'A' Level Chemistry Problem Analysis: Analyzing Lithium Aluminium Hydride (LiAlH4)

(i) What is the difference between using lithium aluminium hydride LiAlH4, versus using sodium borohydride NaBH4, as a reducing agent?

(ii) LiAlH4 must be used in dry ether, followed by solvating the product of the reduction in a protic solvent (eg. via hydrolysis with water). Explain why these must be done in two separate steps.

(iii) LiAlH4 can be used to reduce almost all organic compounds, except two notable exceptions. One of them is nitrobenzene, for which the recommended reduction pathway involves Sn/Zn/Fe and concentrated HCl, or alternatively hydrogen gas with nickel catalyst. Using LiAlH4 would result in undesirable side-reactions, which are beyond the interest of the H2 syllabus. What is the other class of organic compounds, for which you cannot use LiAlH4 to reduce? Explain why LiAlH4 fails to reduce this class of compounds.

Thought process:

(i) Because Al is one electron shell larger than B (the Li+ and Na+ are counterbalancing spectator ions), hence the electron density of LiAlH4 is more polarizable, consequently it is a more ready/effective source of hydride anion nucleophiles (and therefore a stronger reducing agent) as compared to NaBH4. NaBH4 can only reduce aldehydes and ketones, while LiAlH4 can be used to reduce almost all organic compounds (other than the two in iii), including carboxylic acids, acyl chlorides, esters, nitriles and amides.

(ii) Firstly, understand why a protic solvent is REQUIRED after the reduction, then we look at why AFTER the reduction. As the hydride anion nucleophiles attack the partial positively charged carbonyl carbon, the pi electron density / pi-bond shifts up to become a lone pair on carbonyl oxygen. To stabilize this negative formal charged oxygen (forming an alkoxide anion), we need to give it a source of protons. Usually water is used for this, hence certain school lecture notes represent this as "LiAlH4 (in dry ether) followed by hydrolysis", since hydrolysis simply means the reaction of a species with water; what happens here involves a proton transfer from water to the alkoxide anion, to stabilize it.

Why add water only AFTER the reduction? Obviously, if you attempt to use wet or aqueous LiAlH4 (as opposed to in DRY ether), the protons H+ from water would combine with the hydride anions H- from LiAlH4, and you would lose your precious hydride anions (your ammunition for reduction!) in the form of fast escaping hydrogen gas!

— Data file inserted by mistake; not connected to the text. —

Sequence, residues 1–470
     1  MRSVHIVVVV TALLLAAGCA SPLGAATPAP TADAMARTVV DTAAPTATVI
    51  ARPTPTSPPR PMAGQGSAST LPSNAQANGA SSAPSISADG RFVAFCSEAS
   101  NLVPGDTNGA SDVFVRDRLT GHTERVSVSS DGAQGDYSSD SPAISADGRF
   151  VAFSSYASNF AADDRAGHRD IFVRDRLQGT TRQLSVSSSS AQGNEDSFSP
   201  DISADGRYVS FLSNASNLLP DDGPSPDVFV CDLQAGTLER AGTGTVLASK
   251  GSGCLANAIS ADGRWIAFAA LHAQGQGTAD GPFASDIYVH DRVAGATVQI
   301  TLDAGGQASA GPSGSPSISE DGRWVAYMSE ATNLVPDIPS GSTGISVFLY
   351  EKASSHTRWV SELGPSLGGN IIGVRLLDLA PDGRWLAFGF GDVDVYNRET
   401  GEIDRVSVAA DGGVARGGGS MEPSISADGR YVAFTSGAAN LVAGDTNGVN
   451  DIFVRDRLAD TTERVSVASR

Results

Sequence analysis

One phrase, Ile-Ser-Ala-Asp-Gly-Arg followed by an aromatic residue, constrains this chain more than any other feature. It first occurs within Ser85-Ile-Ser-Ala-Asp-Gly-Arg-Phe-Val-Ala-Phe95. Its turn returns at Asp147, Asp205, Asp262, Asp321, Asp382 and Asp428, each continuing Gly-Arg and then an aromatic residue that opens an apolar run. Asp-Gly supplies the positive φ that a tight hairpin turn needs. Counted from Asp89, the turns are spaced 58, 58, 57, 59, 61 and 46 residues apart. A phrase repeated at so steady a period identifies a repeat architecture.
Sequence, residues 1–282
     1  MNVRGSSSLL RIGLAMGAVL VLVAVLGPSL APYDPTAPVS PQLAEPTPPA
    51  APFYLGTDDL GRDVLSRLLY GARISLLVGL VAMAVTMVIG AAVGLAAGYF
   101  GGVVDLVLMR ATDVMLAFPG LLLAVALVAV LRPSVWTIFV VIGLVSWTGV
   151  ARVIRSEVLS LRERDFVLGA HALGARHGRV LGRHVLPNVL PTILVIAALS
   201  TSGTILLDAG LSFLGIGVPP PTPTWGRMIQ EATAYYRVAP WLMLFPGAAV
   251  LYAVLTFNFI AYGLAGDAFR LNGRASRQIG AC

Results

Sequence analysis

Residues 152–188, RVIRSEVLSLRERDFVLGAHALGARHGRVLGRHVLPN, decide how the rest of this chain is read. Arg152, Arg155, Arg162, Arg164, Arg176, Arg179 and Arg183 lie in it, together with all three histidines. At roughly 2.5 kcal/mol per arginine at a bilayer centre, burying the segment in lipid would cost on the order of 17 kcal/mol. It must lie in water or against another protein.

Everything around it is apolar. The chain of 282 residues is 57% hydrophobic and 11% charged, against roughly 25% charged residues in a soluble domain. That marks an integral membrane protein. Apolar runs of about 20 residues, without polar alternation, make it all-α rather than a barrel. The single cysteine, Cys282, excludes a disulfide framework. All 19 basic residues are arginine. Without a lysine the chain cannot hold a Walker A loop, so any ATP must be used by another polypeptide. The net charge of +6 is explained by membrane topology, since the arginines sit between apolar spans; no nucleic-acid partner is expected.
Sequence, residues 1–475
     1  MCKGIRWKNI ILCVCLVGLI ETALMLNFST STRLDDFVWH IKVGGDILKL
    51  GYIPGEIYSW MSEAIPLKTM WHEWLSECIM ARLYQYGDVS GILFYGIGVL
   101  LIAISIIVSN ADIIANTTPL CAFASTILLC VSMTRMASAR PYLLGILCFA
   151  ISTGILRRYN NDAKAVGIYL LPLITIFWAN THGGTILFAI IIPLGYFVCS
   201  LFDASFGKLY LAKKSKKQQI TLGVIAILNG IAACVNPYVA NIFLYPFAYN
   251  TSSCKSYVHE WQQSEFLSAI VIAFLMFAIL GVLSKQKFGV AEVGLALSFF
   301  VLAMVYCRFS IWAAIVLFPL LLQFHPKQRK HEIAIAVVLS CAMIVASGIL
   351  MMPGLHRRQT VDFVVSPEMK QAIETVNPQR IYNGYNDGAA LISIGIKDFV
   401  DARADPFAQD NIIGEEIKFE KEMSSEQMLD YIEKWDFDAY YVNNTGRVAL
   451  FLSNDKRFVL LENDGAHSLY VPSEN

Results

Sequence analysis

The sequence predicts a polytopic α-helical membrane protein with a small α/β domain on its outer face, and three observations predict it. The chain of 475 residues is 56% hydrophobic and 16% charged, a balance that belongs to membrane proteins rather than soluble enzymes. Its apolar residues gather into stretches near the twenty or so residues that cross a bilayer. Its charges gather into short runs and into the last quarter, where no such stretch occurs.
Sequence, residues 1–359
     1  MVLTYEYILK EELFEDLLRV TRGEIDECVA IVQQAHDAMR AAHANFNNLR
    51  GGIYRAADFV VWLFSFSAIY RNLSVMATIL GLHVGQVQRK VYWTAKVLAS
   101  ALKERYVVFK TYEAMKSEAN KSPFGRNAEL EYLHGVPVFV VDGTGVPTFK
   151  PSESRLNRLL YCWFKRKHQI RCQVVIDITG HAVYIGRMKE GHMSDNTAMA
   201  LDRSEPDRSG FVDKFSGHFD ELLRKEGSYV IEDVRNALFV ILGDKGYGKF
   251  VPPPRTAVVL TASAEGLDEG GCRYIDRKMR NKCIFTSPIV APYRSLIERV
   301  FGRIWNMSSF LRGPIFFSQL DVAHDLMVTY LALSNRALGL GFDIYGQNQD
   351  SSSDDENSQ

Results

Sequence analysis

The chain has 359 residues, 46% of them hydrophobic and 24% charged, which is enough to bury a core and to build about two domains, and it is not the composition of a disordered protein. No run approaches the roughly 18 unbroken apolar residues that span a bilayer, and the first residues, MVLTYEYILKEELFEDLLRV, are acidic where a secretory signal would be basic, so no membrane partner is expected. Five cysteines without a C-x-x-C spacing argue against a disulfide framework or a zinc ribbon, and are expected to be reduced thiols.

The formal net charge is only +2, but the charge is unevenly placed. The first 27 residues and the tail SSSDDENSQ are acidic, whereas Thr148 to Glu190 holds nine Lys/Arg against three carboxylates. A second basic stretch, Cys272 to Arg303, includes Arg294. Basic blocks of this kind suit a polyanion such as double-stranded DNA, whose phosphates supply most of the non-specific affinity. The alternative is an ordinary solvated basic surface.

(iii) C=C alkenes cannot be reduced by LiAlH4, since the double C=C bonds are electron rich and nucleophilic, and the H- hydride anions from LiAlH4 are also electron rich and nucleophilic. Hence they repel each other. Even if the repulsion hadn't taken place (eg. say you have sufficiently high activation energies to overcome the repulsion), no reaction would occur because in Organic Chemistry, reactions happen because electrons always naturally flow from electron-rich to electron-poor sites, forming dative covalent bonds as nucleophiles attack electrophiles (note that so-called 'electrophilic attacks' is nevertheless still a nucleophile attacking (ie. forming a dative covalent bond with) an electrophile, yet some folks resort to using the term 'electrophilic attack' simply because the electrophile is added to the substrate nucleophile; thus suggesting incorrectly that the substrate has been 'attacked').

Incidentally, unsaturated aromatic compounds such as benzene, cannot be reduced by LiAlH4 for the same reason it cannot reduce C=C unsaturated alkenes. The benzene ring is electron-rich, and will have no reaction with hydride anion nucleophiles. To reduce the benzene ring into cyclohexane, you will need to use a hydrogen and nickel catalyst, at 200 deg C and 30 atm. Such extreme conditions are needed to overcome the strong resonance stabilization energy of benzene.

A typical H2 exam question related to this is found in the H2 Specimen paper, "Explain why even though the benzene ring is unsaturated, it does not usually undergo addition reactions". The answer, of course, is : Benzene is resonance stabilized by the delocalization of pi electrons within the 6-carbon aromatic ring. Electrophilic addition that would destroy the exceptional stability of the aromatic ring is thus resisted. The official SEAB Mark Scheme iterates it as : "The delocalised electrons give increased stability / the resonance energy stabilises benzene".


The above content is contributed by Mr Heng, owner and 'A' Level Chemistry tutor at Bedok Funland JC. He also goes by the handle UltimaOnline on various online popular homework forums.


'A' Level Chemistry Problem Analysis: Electrolyte Color Change In Salt Bridge

'A' Level Chemistry Problem Analysis: Determining if Ink Smudges Are Ionic or Covalent In Nature

'A' Level Chemistry Problem Analysis: Chemical Energetics